Sign In Forgot Password

Take Me Out to the Ballgame

08/08/2017 02:07:58 PM

Aug8

August 8, 2017
by Rabbi Jessica Zimmerman Graf

Walking in to the Marin Osher JCC a few days ago, I passed through the biblical garden. A biblical garden is one filled with the bounty described in this week’s Torah portion, Parshat Ekev. It describes a rich and beautiful land that was the final destination for the Israelites. “God is bringing you into a good land, a land with streams and springs and fountains issuing from plain and hill; a land of wheat and barley, of vines, figs and pomegranates, a land of olive trees and honey; a land where you may eat food… and lack nothing.”  As I walked through the biblical garden, I stopped to look at the pomegranates hanging from the tree. Some are just starting to turn red. Soon, it will be time for Rosh Hashanah and fresh squeezed pomegranate juice. But we still have a few weeks of summer to enjoy first: swimming, peaches and baseball!

A summer favorite, baseball provides hours of enjoyment for fans. As I was doing some research into Jewish history and baseball recently, I came across an interesting article on Jewish lessons that come from baseball. It was written by Rabbi Jay Kelman—an orthodox rabbi and devoted baseball fan. I was curious to learn: How is baseball like Judaism?  

First, he explains, baseball teaches about the Jewish concept of teshuva—of return.  “One scores by coming back home to where one started, paralleling the process of teshuva where we return to where we stood before we sinned.”  A great lesson, indeed, I thought! A batter begins at home plate, engaging in the game, making quick decisions and living out the possibilities as he travels around the bases. Ultimately, he returns “home,” having experienced many interactions along the way.  

Rabbi Kelman goes on to explain other connections between Judaism and the great American pastime. “Even non-baseball fans know (the rule,) three strikes and you are out. But what many do not know is that this concept appears first in our tradition. The Rambam (Maimonides) teaches that…the first two times one commits a sin it does not enter into the calculation of mitzvot (commandments) vs. aveirot (sins). We get two free passes, so to speak. Only when one sins for the third time—a spiritual strikeout—are all sins taken into account.”  How cool is that??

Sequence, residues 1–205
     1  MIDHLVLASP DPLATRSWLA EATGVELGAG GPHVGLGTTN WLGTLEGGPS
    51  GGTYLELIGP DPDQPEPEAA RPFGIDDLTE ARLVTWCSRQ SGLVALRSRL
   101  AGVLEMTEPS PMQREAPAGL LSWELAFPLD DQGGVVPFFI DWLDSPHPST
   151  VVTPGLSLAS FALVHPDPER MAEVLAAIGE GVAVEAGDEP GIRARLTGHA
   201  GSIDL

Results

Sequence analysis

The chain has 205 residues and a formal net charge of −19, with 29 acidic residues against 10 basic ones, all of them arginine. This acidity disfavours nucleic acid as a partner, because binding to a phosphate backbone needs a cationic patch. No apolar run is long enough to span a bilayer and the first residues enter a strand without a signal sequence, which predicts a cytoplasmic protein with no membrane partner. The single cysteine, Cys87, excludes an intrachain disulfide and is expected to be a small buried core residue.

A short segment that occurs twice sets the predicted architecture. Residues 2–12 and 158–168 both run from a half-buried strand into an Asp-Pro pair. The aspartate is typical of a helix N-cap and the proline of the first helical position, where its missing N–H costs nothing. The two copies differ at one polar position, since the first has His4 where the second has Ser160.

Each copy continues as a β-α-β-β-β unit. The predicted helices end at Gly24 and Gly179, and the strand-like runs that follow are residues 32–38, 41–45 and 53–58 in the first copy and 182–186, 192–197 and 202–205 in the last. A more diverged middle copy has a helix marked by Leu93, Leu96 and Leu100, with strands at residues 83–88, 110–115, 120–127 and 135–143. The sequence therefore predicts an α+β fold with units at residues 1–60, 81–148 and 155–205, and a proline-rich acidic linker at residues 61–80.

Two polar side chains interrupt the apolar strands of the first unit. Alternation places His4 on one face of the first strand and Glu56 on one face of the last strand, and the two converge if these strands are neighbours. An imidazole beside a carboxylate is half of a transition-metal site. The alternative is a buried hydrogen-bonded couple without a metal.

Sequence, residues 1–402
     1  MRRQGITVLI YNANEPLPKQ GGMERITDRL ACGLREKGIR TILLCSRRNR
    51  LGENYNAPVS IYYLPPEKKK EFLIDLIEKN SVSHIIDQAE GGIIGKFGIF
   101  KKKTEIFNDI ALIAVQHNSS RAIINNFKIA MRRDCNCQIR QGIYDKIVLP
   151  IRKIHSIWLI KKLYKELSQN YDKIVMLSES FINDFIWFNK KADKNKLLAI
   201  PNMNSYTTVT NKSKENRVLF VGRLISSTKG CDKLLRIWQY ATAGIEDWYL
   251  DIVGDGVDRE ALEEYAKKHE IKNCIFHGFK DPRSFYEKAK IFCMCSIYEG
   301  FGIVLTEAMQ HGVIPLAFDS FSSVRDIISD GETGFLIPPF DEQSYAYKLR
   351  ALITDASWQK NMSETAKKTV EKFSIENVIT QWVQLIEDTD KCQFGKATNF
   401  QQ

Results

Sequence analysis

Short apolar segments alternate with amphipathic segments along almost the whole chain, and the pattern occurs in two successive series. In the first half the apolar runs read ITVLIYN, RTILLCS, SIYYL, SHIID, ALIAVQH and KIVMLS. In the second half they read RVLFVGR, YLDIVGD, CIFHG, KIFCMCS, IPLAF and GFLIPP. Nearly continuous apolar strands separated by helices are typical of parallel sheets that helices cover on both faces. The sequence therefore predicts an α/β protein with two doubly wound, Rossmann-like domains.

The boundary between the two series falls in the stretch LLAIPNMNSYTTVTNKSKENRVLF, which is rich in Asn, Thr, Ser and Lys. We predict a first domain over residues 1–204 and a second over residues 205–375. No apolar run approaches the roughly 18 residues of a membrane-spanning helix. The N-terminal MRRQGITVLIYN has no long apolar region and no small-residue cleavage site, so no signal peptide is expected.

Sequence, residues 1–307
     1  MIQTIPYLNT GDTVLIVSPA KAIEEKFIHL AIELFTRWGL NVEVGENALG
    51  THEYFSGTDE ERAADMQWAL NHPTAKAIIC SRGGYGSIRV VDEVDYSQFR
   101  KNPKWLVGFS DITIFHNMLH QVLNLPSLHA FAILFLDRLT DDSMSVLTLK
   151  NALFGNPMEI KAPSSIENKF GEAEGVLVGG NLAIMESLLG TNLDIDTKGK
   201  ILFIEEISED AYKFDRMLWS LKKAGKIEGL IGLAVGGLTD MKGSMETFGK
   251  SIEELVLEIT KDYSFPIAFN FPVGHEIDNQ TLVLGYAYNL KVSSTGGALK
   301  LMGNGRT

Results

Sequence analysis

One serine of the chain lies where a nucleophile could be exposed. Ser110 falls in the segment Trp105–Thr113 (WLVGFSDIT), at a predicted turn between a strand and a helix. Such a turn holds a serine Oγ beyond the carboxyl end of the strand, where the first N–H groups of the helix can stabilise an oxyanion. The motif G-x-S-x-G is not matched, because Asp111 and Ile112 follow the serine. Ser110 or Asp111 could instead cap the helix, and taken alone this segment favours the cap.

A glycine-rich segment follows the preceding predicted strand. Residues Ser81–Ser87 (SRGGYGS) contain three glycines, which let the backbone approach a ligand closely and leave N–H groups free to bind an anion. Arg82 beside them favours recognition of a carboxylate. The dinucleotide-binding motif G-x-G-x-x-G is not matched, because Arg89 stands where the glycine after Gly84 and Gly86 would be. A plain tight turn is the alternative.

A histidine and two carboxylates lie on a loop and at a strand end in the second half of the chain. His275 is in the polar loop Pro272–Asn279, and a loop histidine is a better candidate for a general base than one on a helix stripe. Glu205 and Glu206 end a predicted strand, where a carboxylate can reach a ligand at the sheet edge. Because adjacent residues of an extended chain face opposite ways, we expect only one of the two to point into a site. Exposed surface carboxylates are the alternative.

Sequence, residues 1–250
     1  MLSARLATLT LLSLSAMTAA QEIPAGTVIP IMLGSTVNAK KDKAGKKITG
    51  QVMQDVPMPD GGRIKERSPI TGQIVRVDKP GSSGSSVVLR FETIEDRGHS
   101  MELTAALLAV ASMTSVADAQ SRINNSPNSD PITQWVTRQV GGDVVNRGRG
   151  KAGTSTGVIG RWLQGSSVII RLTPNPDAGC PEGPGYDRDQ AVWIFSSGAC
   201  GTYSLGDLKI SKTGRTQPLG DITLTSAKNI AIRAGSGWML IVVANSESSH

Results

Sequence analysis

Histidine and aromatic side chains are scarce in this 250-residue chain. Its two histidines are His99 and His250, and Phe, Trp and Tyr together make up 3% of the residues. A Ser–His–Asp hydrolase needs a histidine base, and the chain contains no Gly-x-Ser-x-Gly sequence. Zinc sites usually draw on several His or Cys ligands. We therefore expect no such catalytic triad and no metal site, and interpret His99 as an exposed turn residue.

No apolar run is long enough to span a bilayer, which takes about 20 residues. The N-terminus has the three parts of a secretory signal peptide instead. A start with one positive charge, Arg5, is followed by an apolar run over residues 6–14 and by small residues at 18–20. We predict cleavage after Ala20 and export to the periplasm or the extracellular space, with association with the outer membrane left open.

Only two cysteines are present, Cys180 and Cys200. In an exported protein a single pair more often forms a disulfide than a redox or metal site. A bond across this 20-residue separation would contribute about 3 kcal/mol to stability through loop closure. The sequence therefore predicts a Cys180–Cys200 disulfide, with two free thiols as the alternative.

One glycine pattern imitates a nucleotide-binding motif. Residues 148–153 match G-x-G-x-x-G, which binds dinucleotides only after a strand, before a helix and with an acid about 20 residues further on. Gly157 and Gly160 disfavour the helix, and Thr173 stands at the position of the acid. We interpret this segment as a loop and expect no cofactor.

And then, Rabbi Kelman explains, there’s the way the game is played. “Baseball is the most individual of the team sports. While there is a minimum of ten players on the field at any given time, the batter faces the pitcher alone… We may daven (pray in a community) with a minyan (minimum of ten adults) but each person is alone in prayer.” Ok—I was sold!

Given how much we have to learn about Judaism from baseball, we are especially lucky to have two opportunities in August to participate in baseball through a Jewish lens. This Thursday night, August 10, Marty Lurie, the announcer for KNBR and Giants Radio’s pre and post  game host is coming back to CSI. He’ll focus on baseball and U.S. history. This is a fundraiser for our Religious School and promises to be a terrific evening!

And on Monday, August 21, join fellow CSI congregants for Jewish Heritage Night at the Giants game. Fifty-two years after Sandy Koufax’s famous refusal to pitch a World Series game on Yom Kippur, we now have our own heritage night at the ball game. We’ve come a long way.

Here’s to a few more warm summer days ahead!

Mon, August 21 2017 29 Av 5777